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Recharging Employees

How to make sustainable performance improvements at any utility.

Fortnightly Magazine - June 2010

within Exelon and can be used at other utilities. Although some of ComEd’s circumstances were unique, other utilities also could adopt the company’s performance improvement framework to drive lasting, positive change in their organization. The suggested plan consists of a structured, four-step approach ( see Figure 2 ).

The first step in the process involves creating a small team of six to eight high-potential managers to dedicate to the strategy and process improvement projects. This assignment is designed as a six- to nine-month developmental role. At the end of each project, new team members are rotated in. To encourage a fresh perspective and also to develop leaders’ management skills, managers are assigned to initiatives outside of their normal functional areas.

It’s also important to develop a pool of high-powered analysts for the company. Project leaders should hand-pick a few high-potential analysts, who are smart, energetic and data-oriented, to support the team. If such skills already exist in the utility, the team will be off to a solid head start. If not, newer analysts could be mentored by outside consultants to develop a solid foundation for supporting the strategic initiatives. The analyst role also should rotate, albeit with a slightly longer term than the manager rotation, perhaps one to two years.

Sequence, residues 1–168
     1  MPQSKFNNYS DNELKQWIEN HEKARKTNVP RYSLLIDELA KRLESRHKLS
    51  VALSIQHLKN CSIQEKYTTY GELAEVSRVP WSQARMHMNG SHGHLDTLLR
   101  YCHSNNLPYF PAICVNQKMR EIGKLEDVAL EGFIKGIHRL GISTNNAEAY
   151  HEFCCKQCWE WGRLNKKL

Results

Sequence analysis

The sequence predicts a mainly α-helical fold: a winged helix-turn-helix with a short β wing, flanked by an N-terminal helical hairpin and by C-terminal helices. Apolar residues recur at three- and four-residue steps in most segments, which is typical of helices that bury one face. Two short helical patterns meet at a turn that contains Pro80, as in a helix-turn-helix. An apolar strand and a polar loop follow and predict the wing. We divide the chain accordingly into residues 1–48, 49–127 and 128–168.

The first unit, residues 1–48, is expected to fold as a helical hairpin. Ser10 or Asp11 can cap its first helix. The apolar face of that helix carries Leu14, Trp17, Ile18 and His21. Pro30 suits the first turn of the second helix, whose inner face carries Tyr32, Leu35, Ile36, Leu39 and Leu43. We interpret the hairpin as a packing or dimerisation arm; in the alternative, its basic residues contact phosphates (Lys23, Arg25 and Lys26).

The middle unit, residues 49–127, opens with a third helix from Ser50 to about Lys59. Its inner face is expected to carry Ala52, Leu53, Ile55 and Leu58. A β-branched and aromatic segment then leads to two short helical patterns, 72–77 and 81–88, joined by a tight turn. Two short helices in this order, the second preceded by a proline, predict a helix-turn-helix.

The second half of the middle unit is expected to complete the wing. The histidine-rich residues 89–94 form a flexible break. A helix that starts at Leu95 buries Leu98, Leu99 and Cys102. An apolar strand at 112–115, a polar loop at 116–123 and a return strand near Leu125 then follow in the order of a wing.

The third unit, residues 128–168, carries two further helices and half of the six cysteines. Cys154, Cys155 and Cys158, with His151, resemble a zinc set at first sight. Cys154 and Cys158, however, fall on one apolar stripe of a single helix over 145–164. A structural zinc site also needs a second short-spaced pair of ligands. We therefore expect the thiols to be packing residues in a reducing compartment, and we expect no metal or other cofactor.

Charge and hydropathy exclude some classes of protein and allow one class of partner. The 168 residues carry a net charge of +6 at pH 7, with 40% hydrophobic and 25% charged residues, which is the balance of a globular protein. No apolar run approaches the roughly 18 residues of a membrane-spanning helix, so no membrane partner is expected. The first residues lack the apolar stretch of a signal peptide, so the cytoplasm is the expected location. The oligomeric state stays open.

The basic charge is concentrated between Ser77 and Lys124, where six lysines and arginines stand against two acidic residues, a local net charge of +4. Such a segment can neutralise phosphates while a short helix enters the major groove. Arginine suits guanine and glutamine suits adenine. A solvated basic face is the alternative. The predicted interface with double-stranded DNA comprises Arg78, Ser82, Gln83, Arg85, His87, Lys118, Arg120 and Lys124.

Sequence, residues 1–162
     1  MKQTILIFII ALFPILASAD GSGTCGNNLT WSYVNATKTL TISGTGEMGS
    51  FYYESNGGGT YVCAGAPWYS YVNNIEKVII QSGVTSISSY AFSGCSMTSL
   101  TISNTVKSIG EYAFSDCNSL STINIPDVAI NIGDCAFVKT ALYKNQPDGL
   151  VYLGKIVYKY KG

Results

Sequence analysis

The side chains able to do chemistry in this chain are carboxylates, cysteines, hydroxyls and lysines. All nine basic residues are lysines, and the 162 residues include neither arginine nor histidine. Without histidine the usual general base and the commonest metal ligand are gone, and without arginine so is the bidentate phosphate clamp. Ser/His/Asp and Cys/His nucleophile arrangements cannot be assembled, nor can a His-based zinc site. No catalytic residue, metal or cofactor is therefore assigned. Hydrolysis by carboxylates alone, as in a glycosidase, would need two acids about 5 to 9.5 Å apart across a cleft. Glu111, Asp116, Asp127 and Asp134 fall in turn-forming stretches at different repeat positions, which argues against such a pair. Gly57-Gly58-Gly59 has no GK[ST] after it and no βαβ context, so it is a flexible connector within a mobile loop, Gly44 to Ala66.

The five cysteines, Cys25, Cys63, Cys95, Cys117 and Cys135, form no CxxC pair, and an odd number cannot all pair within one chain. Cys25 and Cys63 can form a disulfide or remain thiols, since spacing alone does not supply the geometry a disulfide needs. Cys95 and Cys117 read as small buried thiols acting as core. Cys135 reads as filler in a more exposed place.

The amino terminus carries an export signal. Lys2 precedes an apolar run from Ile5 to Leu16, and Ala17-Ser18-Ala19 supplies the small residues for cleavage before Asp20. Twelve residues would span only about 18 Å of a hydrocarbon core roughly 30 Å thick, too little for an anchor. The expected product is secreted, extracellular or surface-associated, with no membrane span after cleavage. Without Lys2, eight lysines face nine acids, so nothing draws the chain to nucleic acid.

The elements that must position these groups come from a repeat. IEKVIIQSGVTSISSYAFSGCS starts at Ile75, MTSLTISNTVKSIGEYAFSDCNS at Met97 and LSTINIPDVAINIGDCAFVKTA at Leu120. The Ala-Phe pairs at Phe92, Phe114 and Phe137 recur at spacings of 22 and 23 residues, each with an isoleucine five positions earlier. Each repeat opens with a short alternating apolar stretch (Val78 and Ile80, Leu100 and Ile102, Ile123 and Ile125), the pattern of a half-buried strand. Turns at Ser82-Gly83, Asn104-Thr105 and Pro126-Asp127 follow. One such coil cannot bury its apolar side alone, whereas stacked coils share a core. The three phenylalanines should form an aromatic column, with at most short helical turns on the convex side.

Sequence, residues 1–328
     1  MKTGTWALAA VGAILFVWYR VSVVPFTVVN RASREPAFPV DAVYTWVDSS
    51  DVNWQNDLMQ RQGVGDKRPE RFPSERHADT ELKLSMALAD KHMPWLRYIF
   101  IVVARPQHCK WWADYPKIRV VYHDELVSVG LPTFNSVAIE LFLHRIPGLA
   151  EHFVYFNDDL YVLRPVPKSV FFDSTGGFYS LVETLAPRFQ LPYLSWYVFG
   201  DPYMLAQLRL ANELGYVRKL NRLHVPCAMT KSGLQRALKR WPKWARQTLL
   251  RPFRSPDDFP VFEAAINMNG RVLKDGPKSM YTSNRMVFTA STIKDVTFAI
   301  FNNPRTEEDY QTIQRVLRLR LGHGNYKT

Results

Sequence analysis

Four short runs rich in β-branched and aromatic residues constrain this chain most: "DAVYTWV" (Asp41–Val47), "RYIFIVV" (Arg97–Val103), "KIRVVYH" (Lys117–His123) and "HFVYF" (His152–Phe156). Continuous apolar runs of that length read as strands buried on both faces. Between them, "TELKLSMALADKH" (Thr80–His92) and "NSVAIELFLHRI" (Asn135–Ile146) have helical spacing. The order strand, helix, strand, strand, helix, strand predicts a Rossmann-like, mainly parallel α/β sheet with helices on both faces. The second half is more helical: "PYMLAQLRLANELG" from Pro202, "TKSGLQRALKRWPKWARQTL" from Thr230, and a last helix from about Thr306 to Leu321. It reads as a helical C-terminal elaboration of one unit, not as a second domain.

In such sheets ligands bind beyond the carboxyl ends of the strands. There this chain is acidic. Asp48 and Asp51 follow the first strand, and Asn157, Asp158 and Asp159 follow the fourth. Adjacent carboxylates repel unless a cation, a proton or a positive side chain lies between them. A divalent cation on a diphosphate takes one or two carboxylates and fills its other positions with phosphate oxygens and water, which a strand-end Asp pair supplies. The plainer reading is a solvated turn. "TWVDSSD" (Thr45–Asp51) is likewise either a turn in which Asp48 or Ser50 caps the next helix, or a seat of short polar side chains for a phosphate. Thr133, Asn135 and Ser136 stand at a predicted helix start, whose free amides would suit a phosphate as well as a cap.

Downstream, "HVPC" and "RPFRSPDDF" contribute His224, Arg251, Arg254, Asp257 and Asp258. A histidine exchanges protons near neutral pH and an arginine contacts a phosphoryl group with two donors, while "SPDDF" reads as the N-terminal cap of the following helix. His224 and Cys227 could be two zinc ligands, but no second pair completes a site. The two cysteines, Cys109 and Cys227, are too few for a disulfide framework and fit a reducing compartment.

A strong team, composed of both managers and analysts, is fundamental in the effort to make substantial performance improvements.

After forming a team, it’s critical to prioritize the initiatives to tackle in the first phase of the project. To provide sufficient focus and resources, the company will limit the number of high-level, strategic initiatives to six to eight per year. At any given time, half of the projects should be in analysis phase and half of the projects should be in execution or implementation phase. This doesn’t imply that these projects would be the only ones happening at the company. Tactical improvement projects could take place within individual departments. However, larger, cross-functional projects need dedicated teams and management focus.

To prioritize initiatives, the team develops a robust scoring model linked to the strategic drivers of the company. For example, projects could be scored on their ability to enhance shareholder value, improve the customer experience, or improve operational efficiency. At ComEd, a 2 x 2 matrix of value versus ease of implementation was used, to summarize the priorities, with sub-components reflecting the strategic drivers of the company ( see Figure 3 ).

A key to a successful internal improvement group is a partnership and close working relationship with business units (BU). BU leaders and line management need a voice and an ownership stake in the process. At ComEd, BU leaders meet regularly with the group and managers can propose initiatives online through an internal Web site. To score potential improvement initiatives, subject matter experts (SMEs) are employed from BUs to facilitate the decision-making process. Once a proposed initiative has been selected, these SMEs are involved in implementation of the project, providing credibility for the improvement team.

Along with strong BU working relationships, the team needs senior management visibility. This can be created through